Criminal Justice
 

LSU student prevails in court fight with state officials over right to interview Angola inmate

BATON ROUGE—The Department of Corrections has agreed to ease restrictions on prisoner interviews to settle a lawsuit filed by a student journalist and the American Civil Liberties Union of Louisiana.

Christopher Lowery, a former project coordinator for the Wrongful Conviction Project at Louisiana State University’s Manship School of Mass Communication, filed the suit last year after department officials denied his request to interview Angola inmate Darold Hines.

The complaint, filed in September in U.S. District Court in Baton Rouge, said that Lowery, a graduate student investigating alleged wrongful convictions, and Hines, an Angola inmate convicted in a fatal 1994 shooting in Plaquemine, La., had been trying to arrange an in-person interview since December 2015. Hines asserts that he was wrongfully convicted.

The Department of Corrections repeatedly rejected requests by Lowery and Hines to arrange the interview.

Department regulations had previously prohibited media interviews that discussed the details of an incarcerated individual’s alleged crimes, citing its consideration for the feelings of victims and their family members.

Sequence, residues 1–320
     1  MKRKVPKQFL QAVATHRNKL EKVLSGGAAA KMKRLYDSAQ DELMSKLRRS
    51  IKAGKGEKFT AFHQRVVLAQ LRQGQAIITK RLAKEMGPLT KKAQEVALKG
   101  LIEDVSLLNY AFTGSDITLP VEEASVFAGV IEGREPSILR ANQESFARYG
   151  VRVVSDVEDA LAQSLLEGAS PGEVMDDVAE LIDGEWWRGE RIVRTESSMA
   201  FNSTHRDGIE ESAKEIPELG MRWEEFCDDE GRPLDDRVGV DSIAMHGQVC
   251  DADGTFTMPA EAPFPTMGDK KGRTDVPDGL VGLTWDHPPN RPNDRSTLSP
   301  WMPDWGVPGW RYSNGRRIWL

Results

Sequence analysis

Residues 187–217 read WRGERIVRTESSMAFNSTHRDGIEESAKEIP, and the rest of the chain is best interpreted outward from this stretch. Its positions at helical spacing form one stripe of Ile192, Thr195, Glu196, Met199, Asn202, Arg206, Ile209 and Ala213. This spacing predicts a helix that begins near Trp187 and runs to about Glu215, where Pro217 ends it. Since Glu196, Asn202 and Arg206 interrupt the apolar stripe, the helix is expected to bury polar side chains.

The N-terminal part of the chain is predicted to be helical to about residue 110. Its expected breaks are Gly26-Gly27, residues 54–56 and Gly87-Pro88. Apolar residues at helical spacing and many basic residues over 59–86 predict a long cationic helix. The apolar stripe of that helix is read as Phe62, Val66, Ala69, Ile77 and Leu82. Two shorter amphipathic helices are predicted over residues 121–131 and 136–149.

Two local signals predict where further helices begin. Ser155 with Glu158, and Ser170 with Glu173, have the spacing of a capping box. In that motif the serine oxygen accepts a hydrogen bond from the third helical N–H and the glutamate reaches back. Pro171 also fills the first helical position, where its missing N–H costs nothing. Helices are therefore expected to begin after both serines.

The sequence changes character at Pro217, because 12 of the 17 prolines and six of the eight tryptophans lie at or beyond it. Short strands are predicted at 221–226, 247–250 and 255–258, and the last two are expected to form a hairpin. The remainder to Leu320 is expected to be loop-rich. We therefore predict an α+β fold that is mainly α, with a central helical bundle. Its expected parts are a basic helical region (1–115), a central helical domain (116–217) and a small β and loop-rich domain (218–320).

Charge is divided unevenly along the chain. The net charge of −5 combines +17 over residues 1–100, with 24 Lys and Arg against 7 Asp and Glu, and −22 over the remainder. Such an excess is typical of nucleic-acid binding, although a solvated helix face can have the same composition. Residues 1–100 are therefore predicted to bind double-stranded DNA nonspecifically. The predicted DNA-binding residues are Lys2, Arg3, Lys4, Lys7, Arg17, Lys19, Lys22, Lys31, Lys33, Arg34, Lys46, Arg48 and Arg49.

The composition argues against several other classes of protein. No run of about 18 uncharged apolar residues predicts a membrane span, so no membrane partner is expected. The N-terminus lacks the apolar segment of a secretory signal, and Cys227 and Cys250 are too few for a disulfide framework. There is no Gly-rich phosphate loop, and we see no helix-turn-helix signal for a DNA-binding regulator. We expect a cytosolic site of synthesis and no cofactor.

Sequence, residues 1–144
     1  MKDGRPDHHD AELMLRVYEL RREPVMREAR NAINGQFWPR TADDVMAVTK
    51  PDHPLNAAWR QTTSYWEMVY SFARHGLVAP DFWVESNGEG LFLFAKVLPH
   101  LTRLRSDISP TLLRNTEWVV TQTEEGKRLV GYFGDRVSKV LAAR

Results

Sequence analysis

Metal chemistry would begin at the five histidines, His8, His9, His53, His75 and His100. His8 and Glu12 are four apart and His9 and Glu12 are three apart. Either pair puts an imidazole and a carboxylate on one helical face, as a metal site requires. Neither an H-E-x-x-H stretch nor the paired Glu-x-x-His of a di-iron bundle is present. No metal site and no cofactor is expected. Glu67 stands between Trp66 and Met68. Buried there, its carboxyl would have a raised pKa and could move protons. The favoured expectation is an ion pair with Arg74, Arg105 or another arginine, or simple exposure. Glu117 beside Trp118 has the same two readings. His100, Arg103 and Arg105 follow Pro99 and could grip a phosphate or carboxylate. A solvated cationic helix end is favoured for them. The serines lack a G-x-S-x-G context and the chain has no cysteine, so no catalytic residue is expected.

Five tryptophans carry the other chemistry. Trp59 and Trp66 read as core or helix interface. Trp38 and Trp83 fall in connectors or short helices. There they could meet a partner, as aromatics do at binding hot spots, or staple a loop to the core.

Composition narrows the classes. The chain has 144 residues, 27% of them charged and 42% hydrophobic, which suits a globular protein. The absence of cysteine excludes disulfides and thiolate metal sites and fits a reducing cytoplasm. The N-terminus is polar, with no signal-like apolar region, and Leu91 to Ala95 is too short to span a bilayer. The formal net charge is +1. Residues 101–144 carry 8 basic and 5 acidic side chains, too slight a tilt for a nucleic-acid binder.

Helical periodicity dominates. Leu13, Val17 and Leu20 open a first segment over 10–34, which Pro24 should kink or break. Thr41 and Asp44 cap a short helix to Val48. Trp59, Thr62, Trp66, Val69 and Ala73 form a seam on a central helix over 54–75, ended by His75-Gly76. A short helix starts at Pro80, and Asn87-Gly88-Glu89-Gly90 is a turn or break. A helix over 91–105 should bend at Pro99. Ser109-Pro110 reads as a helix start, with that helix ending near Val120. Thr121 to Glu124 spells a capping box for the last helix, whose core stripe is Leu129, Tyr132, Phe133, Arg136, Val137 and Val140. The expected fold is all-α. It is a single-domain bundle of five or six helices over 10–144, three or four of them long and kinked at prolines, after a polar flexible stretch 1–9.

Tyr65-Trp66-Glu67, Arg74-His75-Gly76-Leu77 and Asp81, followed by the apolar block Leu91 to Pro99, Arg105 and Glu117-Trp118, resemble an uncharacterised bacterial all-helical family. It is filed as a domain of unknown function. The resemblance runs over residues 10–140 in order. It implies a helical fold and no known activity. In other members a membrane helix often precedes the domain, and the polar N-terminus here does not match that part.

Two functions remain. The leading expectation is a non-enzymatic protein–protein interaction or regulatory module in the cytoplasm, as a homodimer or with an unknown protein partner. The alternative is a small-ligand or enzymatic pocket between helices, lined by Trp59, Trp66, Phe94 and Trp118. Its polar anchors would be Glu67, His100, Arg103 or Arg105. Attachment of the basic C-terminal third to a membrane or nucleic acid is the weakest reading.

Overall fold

Bruce Hamilton, a staff attorney for the ACLU of Louisiana, said the policy violated Lowery’s right to report on issues of public concern and Hines’ right to speak and seek post-conviction relief, guarantees outlined in the First and Fourteenth Amendments.

“Darold Hines has a right to tell his story, and Christopher Lowery has a right to report it,” Hamilton wrote in a news release Wednesday. “Today’s settlement is a victory for government transparency, for a free and independent press, and for the right of all people, including people in prison, to speak out and make their voices heard.”

New Orleans attorney Scott Sternberg also represented the plaintiffs and said the policy amounted to a content-based restriction on expression.

Referring to Corrections officials, Sternberg said: “To their credit, they took a look at our complaint and they agreed with that. Instead of long, protracted and expensive litigation, the state just said that that it would be easier for us to come up with a policy that doesn’t discriminate based on content.”

The settlement states that the department will delete the regulation from its publications and internal memoranda.

Ken Pastorick, communications director for the Department of Corrections, said the two sides “reached a mutual agreement on the regulation at issue, and the department upholds this agreement.”

This story was reported by the LSU Manship School News Service, a student news service that covers Louisiana governance. 

Help us report this story     Report an error    
The Lens' donors and partners may be mentioned or have a stake in the stories we cover.